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gave Bousfield localization of spectra a more informative Idea-section
added a few basics to the Definition- and the Examples-section of Bousfield localization of spectra from lecture 20 of Chromatic Homotopy Theory
The proof of existence of Bousfield localizations in the literature has always left me a bit unsatisfied. It really seems to be a special case of some facts about presentable categories. In particular we are just applying Proposition T.5.5.4.16 to the functor $E \wedge (-) : \text{Spectra} \rightarrow \text{Spectra}$ and the class of equivalences in the codomain to show that E-local equivalences are of small generation, and then localizing with respect to some generating set.
This covers basically all uses of Bousfield localization that we care about. If we want to be pedantic, Bousfield’s techniques work in “cellular model categories” not all of which are combinatorial. But actually, I kind of suspect that the underlying infinity category of a cellular model category is still presentable? I would need to think about that though…
Hi Dylan, nice to see you here.
I tend to think of the term “Bousfield localization” as indicating a special case of localization of $\infty$-categories, namely either specifically the localization of model categories by enlarging the weak equivalences while keeping one of fibrations or cofibrations fixed, or else the specific localization at smashing with a spectrum – and possibly both of these at the same time.
Just since you brought it up, I have now tried to say this more clearly in the beginning of the (still stubby) nLab entry on Bousfield localization of spectra. It now starts out as such:
Bousfield localization of spectra refers generally to localizations of the stable (∞,1)-category of spectra at the collection of morphisms which become equivalences under smash product with a given spectrum $E$. Since any such $E$ represents a generalized homology theory, this may also be thought of $E$-homology localization.
More specifically, if the stable (∞,1)-category of spectra is presented by a (stable) model category then the ∞-categorical localization can be presented by the operation of Bousfield localization of model categories. The original article (Bousfield 79) essentially considered localization at the level of homotopy categories.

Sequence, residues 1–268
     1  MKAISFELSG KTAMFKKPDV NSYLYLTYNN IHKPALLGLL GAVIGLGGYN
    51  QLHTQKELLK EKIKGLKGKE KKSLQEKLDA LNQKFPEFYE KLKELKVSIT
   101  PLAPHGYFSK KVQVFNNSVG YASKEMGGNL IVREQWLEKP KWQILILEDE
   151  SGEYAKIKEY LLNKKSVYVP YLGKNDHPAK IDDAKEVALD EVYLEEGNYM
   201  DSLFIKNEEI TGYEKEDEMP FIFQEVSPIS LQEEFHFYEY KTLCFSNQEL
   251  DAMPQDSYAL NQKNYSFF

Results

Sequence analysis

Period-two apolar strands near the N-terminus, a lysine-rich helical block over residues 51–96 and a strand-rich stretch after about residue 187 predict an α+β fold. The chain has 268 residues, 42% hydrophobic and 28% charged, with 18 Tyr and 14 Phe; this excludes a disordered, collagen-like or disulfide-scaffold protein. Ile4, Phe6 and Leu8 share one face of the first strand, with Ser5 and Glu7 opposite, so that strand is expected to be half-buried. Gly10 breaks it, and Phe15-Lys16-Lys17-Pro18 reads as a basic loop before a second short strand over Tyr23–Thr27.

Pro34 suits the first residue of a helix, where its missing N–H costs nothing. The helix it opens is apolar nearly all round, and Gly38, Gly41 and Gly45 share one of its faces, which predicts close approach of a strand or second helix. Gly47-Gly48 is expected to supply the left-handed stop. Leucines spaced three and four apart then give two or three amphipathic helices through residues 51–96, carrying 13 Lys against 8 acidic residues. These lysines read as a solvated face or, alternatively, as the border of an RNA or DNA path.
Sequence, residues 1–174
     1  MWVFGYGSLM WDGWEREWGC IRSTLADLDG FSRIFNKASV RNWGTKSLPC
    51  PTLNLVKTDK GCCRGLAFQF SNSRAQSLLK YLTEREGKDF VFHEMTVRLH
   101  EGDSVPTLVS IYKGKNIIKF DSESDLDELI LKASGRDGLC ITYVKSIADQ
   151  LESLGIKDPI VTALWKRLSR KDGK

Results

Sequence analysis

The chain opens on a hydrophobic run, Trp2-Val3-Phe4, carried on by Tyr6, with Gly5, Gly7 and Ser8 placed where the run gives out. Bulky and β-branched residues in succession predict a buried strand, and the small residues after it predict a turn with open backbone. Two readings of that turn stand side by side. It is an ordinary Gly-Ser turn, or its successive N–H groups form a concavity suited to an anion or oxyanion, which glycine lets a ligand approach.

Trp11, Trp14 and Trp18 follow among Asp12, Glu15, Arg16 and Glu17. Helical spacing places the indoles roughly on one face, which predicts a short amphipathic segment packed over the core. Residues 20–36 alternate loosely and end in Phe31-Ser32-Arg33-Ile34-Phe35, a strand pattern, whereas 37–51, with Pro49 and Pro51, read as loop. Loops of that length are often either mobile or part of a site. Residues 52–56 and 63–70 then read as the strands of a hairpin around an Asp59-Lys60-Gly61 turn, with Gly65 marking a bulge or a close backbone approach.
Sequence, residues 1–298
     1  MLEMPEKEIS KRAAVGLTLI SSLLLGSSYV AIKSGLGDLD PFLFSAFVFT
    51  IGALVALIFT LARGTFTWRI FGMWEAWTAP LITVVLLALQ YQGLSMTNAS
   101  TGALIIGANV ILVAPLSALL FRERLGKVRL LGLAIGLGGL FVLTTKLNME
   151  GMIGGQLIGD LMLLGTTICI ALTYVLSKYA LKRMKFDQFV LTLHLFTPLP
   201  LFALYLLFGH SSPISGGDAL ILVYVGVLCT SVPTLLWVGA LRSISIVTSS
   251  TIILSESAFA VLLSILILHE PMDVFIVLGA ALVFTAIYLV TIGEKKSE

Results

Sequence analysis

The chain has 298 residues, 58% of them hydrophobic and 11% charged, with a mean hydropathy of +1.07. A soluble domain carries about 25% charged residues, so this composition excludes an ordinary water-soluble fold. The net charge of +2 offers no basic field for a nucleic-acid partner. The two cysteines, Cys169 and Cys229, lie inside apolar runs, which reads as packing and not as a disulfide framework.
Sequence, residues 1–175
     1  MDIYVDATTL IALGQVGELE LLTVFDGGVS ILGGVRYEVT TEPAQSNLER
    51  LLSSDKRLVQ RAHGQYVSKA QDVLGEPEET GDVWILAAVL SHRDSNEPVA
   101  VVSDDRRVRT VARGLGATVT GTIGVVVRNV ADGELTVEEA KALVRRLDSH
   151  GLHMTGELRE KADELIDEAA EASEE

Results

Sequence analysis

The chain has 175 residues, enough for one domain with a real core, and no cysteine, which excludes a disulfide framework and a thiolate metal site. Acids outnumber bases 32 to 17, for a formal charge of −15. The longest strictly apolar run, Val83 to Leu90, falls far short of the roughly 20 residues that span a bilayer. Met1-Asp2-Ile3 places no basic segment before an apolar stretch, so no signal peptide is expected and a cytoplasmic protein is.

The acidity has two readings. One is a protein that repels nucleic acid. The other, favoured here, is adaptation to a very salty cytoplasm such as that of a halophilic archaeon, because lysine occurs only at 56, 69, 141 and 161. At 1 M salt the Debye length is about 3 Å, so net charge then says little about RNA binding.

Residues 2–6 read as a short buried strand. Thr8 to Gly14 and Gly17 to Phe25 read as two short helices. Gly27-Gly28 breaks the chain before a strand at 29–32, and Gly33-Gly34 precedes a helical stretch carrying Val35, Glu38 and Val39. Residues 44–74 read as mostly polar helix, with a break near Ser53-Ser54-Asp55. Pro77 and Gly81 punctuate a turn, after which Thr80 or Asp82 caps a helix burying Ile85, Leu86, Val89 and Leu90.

If you feel at all motivated to improve that entry a little more by adding to it, please feel invited.
I have touched Bousfield localization of spectra briefly making edits of the kind we have been discussing here in the context of the entries localization of a space and fracture theorem.
I have added pointers to a bunch of further little statements from Bousfield79 to Bousfield localization of spectra and to other entries, such as fracture theorem.
I have started making a quick note (here) on Bousfield’s original proof of the existence of Bousfield localization of spectra, via the small object argument.
Still need to say why the homotopy fiber of the resulting $X \to L_E X$ is $E$-acyclic. (er, why?) But I need to run now.
I have completed the argument here of what I suppose was Bousfield’s original proof.
Still a bit telegraphic for the moment. Need to call it quits for the weekend.
I have added more details to the Definition-section. For instance I have spelled out why the two equivalent conditions on an $E$-local spectrum are indeed equivalent (here)
In the proof of the existence of localizations of spectra here I am using the notation $A = \underset{\longrightarrow}{\lim}_\sigma c_\sigma$ for exhibiting the cell decomposition of a cell spectrum $A$. That’s maybe a bit too cavalier. I suppose I should instead say that the $\alpha$-stage of the cell decomposition ($\alpha$ an ordinal) sits in a homotopy cofiber sequence with the next stage and a wedge of suspensions of spheres (the cells). The remainig argument of the proof would essentially not change, and the present notation is more efficient, but maybe its a bit of an abuse.
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